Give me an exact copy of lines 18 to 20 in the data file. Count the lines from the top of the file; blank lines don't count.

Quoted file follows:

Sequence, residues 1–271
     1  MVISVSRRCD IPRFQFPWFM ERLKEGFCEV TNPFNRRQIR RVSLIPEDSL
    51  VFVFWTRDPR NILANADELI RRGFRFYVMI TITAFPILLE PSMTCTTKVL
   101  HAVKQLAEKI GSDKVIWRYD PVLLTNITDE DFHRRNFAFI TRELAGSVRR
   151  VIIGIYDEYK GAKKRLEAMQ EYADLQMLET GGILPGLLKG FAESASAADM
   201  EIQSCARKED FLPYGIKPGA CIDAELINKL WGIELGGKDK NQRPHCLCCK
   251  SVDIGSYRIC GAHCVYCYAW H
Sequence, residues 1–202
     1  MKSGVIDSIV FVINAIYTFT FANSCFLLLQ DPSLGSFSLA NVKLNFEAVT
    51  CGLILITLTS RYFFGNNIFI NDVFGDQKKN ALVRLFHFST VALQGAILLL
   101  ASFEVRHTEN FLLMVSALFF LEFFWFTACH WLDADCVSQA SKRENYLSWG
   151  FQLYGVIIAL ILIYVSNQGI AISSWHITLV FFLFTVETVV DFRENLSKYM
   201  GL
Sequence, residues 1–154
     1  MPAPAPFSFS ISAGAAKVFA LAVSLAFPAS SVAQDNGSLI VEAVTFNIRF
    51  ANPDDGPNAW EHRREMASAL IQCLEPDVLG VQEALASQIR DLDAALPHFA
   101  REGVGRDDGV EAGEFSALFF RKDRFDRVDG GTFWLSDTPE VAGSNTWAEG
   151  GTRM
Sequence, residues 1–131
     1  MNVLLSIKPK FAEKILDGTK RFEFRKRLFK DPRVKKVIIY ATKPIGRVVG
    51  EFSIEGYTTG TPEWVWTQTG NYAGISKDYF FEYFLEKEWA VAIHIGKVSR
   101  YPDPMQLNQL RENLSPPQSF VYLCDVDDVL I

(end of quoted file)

   151  GTRM
Sequence, residues 1–131
     1  MNVLLSIKPK FAEKILDGTK RFEFRKRLFK DPRVKKVIIY ATKPIGRVVG